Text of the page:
Chatoia Martin always wanted to teach, and after graduating from Rutgers University and volunteering with City Year in Baton Rouge, she began researching how to enter the profession. “I wanted to work in a community where I felt I was making a real change,” she remembered. “I wanted to feel great about my job, and for me that meant knowing what I was doing and that I was making a difference.”
A friend from City Year told her about an alternative teacher certification program called Urban Teachers. They both applied, were accepted, and moved to Baltimore.
Urban Teachers (formerly the Urban Teacher Center) was founded in September 2009 to train and certify highly effective teachers in Baltimore, Washington D.C., and, most recently, Dallas/Fort Worth. Its work is premised on the theory that selective admissions; rigorous, clinically based coursework; extensive experience in classrooms; ongoing support and coaching; and continual evaluation will result in more effective teachers who stay in urban schools.
“The quality of the classroom teacher is the most important factor that schools can control in providing quality education,” explains Urban Teachers founder and CEO Jennifer Green. “There is a mythology in the US that great teachers are idiosyncratic, random. But in places like Baltimore City where children are dealing with so much, working systematically on the quality of the teachers is imperative.”
At the core of Urban Teachers’ training is a yearlong residency in a classroom under the leadership of a master teacher. And it was a key attraction to would-be teachers like Chatoia. “I knew it would give me a year to grow and make mistakes,” she explained. “Other programs just give you a few weeks of training or put you straight in a classroom on your own.”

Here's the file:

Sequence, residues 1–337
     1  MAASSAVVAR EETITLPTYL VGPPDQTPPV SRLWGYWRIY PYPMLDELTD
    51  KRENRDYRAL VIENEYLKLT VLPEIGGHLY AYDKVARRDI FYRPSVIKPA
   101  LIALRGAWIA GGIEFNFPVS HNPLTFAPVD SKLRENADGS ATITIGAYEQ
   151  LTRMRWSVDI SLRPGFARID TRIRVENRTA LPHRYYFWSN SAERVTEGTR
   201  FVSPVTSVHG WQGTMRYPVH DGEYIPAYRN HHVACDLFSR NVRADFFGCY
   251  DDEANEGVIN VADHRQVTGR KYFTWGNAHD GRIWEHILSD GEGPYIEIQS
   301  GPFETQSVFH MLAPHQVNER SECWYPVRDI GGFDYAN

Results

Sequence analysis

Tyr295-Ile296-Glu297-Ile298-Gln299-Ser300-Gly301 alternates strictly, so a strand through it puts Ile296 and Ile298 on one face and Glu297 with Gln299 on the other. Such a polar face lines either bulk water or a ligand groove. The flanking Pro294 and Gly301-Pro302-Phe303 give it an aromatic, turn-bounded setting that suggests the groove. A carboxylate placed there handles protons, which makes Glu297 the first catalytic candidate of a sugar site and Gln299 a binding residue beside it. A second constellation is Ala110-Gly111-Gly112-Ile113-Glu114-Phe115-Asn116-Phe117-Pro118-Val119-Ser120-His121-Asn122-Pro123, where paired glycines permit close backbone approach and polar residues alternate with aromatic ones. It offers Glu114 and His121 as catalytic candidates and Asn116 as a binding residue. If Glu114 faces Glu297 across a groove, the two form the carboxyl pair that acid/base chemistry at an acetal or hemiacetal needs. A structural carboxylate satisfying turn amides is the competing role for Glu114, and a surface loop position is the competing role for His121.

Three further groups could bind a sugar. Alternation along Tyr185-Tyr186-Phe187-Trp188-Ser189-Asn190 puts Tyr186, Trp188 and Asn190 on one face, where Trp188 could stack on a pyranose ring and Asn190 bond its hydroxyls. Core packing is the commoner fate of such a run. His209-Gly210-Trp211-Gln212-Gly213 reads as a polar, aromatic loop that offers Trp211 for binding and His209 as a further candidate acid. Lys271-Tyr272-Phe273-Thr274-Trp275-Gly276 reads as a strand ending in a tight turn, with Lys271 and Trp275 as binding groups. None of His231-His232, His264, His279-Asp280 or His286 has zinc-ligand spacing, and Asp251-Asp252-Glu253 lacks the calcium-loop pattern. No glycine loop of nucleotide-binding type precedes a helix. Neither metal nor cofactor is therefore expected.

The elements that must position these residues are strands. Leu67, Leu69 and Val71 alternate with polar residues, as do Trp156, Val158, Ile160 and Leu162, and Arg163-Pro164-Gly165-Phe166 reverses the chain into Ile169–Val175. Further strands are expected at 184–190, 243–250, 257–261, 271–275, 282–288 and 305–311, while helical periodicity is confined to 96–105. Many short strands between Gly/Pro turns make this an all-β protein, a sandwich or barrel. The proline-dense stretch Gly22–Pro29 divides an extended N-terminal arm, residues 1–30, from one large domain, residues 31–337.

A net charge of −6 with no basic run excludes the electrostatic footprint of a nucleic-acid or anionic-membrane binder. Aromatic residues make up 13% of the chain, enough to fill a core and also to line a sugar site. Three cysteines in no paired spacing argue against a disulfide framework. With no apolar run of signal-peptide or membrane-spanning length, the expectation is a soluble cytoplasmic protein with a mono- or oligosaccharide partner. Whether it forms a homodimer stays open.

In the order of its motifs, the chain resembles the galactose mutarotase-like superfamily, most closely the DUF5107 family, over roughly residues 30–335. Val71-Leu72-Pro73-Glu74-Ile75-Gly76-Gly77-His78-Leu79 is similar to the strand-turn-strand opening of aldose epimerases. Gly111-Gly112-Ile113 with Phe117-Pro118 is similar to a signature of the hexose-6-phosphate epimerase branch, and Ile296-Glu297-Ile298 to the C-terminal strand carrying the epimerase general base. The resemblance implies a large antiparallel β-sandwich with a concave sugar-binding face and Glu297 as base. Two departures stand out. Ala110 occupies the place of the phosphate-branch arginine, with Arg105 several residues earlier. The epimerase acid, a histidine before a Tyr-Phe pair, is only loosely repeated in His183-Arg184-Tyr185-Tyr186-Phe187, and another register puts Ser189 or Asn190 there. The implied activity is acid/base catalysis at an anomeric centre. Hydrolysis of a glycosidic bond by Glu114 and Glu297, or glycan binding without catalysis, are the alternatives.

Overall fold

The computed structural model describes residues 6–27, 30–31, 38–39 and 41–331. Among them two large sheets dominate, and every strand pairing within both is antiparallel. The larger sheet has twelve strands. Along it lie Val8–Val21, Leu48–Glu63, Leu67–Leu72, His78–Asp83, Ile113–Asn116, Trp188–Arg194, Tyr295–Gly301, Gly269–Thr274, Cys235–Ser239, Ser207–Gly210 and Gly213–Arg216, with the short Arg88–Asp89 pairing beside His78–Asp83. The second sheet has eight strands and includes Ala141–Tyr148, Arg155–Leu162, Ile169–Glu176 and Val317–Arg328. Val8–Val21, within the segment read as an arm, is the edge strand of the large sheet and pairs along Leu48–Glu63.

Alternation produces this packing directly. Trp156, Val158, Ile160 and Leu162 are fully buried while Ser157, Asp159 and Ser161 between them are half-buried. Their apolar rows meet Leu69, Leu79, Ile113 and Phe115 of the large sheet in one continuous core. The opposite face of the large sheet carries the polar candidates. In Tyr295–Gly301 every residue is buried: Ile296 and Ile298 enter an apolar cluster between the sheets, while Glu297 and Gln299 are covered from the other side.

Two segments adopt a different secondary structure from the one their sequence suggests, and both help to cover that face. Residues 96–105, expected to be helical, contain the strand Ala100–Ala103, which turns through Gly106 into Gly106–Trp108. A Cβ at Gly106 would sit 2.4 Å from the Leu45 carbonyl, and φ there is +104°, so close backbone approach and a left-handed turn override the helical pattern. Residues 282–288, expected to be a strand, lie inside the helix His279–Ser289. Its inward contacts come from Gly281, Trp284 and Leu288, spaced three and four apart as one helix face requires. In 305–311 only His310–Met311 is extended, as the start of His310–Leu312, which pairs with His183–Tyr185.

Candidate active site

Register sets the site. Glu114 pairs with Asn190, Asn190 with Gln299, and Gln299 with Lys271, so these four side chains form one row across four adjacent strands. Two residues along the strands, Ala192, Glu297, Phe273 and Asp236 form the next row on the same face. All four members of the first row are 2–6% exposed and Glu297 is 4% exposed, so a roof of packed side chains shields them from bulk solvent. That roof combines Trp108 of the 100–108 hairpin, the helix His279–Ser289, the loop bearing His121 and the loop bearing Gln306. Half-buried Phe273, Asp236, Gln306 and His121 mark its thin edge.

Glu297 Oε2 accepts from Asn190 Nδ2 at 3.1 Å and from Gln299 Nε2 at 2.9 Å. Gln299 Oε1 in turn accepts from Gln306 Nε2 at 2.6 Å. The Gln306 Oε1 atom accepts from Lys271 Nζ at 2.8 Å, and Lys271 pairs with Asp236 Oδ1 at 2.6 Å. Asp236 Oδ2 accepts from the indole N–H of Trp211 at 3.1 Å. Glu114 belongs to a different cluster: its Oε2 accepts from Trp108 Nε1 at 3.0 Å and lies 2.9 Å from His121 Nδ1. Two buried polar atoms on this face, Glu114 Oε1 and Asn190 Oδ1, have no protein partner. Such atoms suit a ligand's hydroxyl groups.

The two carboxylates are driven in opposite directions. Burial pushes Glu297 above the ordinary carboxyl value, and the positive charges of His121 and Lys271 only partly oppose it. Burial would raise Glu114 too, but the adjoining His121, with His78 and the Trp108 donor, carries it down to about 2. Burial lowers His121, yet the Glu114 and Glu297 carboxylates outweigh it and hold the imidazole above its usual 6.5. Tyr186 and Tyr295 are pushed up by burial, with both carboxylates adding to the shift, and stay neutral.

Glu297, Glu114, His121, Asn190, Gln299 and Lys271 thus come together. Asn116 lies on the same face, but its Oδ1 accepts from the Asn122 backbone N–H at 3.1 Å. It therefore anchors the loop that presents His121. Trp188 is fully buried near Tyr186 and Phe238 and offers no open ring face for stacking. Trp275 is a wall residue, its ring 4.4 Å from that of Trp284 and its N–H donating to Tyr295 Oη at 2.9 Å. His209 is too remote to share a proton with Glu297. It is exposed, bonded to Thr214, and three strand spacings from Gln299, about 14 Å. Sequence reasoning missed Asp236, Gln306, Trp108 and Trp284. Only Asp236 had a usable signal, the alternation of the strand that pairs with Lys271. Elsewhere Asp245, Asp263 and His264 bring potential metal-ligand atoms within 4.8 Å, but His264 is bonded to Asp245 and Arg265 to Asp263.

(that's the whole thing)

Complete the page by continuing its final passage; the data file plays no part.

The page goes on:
The data supports the value of this year of residency. After the residency year, one in four participants leave the program, with half leaving because they decide teaching isn’t for them and half because Urban Teachers decides it isn’t the right match.
“Not everyone should be a teacher,” Green argues, and this process allows people to understand that before they become responsible for a classroom full of children. Of those who successfully complete residency, 100% reported feeling prepared or very prepared to take on the role of full-time teacher.
The residency is only the first step in a four-year commitment to grow and develop as a skilled practitioner within a high-needs urban public school. During their first two years with the program, participants take masters’ level coursework through The Johns Hopkins University School of Education that integrates their clinical experiences in the classroom with the latest in education research and practice. “It’s not a program that gives you easy course work to maintain while you’re working full time with kids,” said Chatoia. “The coursework is hard, but once you understand that it’s a tool to guide your practice, it gets better. The assignments were something to focus on and reflect on and use to inform the next day’s work.”
In order to receive full certification, residents must pass through several gates, all tied to their ability to make a positive impact on student performance. They must successfully complete their Hopkins coursework, demonstrate professionalism, and effectively facilitate student academic success. Unique among teacher training programs, Urban Teachers will only certify a teacher who has demonstrated that he or she can improve student achievement, consistently implement effective teaching practices, and reflect an openness to continuous improvement.
Urban Teachers has 159 residents, teachers and alumni currently teaching in Baltimore City Public Schools with another 250 teaching in Washington DC. In Baltimore City, 52% of current residents are African American or Hispanic. Over three-quarters of first-year teachers returned as third-year teachers in 2016-2017.
The strong outcomes of Urban Teachers speak to the program’s overall effectiveness. Of those who persist in the program through the third year of teaching, nearly 100 percent meet the standards set forth in the Teacher Effectiveness Evaluation. And those effective teachers stay in Baltimore City; 85 percent of those who complete the four-year program remain teaching in City Schools beyond the program’s end. Because Urban Teachers produces high-quality teachers who stay, the demand for the program’s residents and teachers by the school district has outpaced the supply of incoming teachers.
The Abell Foundation salutes Urban Teachers for successfully recruiting, training, and certifying highly effective teachers committed to teaching in Baltimore City Public Schools.